Baker, S.T., and C. Cronmiller. 2001. Identification of the molecular lesions in four EMS-induced alleles of the daughterless gene of Drosophila melanogaster. Dros. Inf. Serv. 84: 143-145.


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Identification of the molecular lesions in four EMS-induced alleles of the daughterless gene of Drosophila melanogaster.

Baker, S.T., and C. Cronmiller.  Department of Biology, Gilmer Hall, University of Virginia, P.O. Box 400328, Charlottesville, VA 22904-4328.

            The Drosophila daughterless (da) gene encodes a basic helix-loop-helix (bHLH) transcription factor, and although this protein regulates many aspects of development, the molecular mechanisms of its multifunctionality have not been fully elucidated.  Using polymerase chain reaction (PCR) and DNA sequencing, we analyzed four ethyl methane sulfate (EMS)-induced da alleles (das22, da5, da2, and daf75) to determine their molecular lesions and possibly identify functionally significant regions of the da protein

            We chose these alleles because they have been extensively characterized genetically, or their genetic behavior suggested that their mutations appear to affect some of the daughterless functions more severely than others.  da2 and da5 have been used in numerous developmental studies (e.g., Cronmiller and Cline, 1987;  Caudy et al., 1988;  Cummings and Cronmiller, 1994;  Brown et al., 1996).  Not only do these alleles behave like genetic nulls, but both also appear to be protein nulls, as determined by immunohistochemical staining (Cronmiller and Cummings, 1993).  das22 is a strong hypomorph, whose effects on oogenesis are somewhat more severe than those on sex determination or viability (Cummings and Cronmiller, 1994).  Of all of the alleles analyzed, daf75 is the least well characterized genetically, but it was included in this analysis because it had been found previously to exhibit reduced viability with dalyh (K. Curran and C. Cronmiller, unpublished observations), which otherwise appears to be an ovary-specific allele with no adverse effects on viability (Smith and Cronmiller, 2001).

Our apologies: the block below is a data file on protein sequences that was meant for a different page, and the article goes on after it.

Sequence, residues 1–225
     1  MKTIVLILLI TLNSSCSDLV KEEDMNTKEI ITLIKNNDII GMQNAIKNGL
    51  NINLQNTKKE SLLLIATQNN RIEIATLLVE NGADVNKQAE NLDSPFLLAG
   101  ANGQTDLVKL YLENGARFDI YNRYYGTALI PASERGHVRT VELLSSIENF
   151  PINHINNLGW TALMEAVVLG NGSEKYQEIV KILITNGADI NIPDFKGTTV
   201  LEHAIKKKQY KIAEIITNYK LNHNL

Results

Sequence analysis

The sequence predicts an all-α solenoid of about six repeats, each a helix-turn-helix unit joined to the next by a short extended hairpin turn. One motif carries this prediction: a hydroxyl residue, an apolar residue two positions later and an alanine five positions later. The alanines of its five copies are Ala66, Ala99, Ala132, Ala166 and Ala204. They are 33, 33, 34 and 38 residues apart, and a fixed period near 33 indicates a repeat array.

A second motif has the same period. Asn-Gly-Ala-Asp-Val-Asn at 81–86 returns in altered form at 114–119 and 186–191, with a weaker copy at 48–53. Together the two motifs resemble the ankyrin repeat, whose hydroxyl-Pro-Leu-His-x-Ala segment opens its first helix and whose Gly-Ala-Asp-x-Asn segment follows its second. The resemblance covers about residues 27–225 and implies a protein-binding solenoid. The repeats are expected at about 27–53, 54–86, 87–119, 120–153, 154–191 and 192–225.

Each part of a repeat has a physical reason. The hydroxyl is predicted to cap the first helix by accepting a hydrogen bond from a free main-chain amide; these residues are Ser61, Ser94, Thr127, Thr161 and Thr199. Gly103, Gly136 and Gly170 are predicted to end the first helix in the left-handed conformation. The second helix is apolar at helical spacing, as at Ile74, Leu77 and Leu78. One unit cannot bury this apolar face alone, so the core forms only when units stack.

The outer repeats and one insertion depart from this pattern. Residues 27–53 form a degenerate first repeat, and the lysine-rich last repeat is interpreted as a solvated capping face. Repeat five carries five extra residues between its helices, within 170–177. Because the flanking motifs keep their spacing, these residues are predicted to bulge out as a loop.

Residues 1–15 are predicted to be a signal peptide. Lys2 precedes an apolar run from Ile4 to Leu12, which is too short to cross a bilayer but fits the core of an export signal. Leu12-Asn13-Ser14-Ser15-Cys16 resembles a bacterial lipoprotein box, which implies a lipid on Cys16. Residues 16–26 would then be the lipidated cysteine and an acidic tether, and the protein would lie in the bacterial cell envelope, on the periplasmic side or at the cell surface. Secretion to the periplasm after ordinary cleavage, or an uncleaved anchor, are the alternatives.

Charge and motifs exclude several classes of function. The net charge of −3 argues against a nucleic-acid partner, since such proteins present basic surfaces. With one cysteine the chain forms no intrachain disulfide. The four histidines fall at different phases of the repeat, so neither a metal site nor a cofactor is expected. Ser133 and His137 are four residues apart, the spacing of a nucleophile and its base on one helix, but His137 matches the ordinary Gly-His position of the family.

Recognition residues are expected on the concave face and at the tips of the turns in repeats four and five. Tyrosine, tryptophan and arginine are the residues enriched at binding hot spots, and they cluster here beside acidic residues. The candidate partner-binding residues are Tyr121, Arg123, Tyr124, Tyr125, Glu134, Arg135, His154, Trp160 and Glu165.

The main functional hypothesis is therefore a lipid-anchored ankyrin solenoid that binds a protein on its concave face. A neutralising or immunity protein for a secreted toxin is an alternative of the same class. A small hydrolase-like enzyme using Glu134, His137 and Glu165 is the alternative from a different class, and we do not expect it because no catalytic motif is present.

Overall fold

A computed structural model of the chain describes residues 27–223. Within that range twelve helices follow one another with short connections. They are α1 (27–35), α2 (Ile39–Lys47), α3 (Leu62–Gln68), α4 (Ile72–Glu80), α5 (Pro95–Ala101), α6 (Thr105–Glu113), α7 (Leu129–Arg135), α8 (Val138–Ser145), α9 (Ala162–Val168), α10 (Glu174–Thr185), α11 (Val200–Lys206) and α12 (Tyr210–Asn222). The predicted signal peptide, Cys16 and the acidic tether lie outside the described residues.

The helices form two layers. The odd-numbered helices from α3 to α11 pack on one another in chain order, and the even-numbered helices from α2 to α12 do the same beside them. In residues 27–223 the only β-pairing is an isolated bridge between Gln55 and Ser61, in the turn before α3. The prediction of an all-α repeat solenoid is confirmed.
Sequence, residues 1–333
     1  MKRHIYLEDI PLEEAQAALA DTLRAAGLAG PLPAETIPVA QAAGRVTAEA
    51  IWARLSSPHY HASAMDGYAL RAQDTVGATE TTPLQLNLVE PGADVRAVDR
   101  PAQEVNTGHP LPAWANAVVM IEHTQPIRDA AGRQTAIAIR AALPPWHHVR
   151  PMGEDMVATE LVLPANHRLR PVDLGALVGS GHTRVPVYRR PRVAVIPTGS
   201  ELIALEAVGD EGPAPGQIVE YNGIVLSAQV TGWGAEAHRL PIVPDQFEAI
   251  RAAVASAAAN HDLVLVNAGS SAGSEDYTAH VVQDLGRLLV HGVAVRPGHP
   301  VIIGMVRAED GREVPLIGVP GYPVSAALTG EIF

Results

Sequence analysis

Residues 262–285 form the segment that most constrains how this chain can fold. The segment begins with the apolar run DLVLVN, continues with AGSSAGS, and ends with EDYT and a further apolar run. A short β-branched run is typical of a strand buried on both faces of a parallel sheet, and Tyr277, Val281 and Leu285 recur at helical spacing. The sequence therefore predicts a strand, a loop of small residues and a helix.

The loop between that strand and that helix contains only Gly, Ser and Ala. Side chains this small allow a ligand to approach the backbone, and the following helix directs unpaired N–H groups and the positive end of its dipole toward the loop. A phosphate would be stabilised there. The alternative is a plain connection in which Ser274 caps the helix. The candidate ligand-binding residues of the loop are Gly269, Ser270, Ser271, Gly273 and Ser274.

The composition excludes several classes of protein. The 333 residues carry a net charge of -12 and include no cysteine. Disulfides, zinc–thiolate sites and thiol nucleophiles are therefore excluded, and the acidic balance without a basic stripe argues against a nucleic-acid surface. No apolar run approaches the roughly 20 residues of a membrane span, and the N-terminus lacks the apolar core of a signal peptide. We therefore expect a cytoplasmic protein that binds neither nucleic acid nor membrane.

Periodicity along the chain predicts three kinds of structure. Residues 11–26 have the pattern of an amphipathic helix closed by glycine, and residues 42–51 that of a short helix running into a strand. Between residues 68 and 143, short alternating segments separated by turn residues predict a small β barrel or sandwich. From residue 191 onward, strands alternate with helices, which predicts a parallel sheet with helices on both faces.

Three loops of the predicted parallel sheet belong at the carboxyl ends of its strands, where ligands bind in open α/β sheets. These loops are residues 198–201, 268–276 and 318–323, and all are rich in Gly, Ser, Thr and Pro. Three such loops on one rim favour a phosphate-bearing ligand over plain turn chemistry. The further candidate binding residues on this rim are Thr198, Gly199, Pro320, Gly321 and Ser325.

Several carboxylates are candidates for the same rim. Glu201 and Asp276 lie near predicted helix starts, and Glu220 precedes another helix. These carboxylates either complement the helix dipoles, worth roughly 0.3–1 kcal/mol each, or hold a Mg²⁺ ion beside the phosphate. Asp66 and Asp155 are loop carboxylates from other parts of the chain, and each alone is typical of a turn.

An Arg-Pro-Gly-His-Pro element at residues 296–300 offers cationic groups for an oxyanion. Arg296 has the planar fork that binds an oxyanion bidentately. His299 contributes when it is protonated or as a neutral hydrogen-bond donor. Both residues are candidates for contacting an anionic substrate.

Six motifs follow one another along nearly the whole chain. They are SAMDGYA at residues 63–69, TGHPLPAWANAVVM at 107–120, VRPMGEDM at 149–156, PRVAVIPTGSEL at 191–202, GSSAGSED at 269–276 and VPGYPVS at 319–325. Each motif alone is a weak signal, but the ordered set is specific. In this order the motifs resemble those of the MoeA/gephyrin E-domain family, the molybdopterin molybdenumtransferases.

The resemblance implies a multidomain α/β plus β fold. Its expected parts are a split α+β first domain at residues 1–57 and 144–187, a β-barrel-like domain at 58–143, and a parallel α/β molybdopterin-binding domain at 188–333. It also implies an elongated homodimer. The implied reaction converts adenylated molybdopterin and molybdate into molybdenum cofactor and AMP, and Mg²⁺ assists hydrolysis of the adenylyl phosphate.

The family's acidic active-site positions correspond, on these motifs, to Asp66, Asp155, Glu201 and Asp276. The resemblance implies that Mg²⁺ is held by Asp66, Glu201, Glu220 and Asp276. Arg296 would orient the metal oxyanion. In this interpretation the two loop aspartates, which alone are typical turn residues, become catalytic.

Because each of the four da alleles chosen for sequence analysis is recessive lethal, we took advantage of their viability in combination with the dalyh insertion allele to recover sequencing template DNA by PCR.  DNA was prepared from each transheterozygous combination (e.g., da2/dalyh), and primers that flanked the springer insertion site of dalyh (in the intron, upstream of the protein-coding exon: Smith and Cronmiller, 2001) were used to amplify da gene DNA.  DNAs amplified from the two alleles would be distinguishable following electrophoretic separation of the PCR products, since the 8 kb transposon inserted in dalyh would substantially increase the size of the DNA fragment amplified from that allele.  In each case, however, PCR product was recovered only from the allele to be sequenced, indicating that the larger (>11 kb) product was not amplifiable by the PCR conditions used.  As a precaution against contamination, each experimental band was excised, purified and re-amplified;  either the original primers or nested primers were used for re-amplification.

            Automated DNA sequencing was carried out at the University of Virginia Biomolecular Research Facility (Charlottesville, VA).  Sequencing primers (Operon Technologies, Sigma) were spaced 500-700 nucleotides apart and spanned the entire da gene, from the 3´ end of mRpS7 (located upstream of the 5´ end of da) to the 3´ end of the da protein coding region.  DNA sequence analysis was accomplished with the MacVector, AssemblyLIGN (Sequence Analysis Software), and BLAST (NCBI) programs.  The sequence of this entire region was determined for das22, while only the protein coding regions for da5, da2 and daf75 were sequenced.  Single point mutations were identified for all four da alleles analyzed (Figure 1).



              106     M      G      Q      S       A      * 


B     da2          GCG GCA CTG CGG CAA TAG ATG TAC ATG CCG GCG  1102

              282      A      A       L      R       Q      *



              387       L      A      G      V      N      *



              563       E     R      I       R       I      W      D      I      N       E      A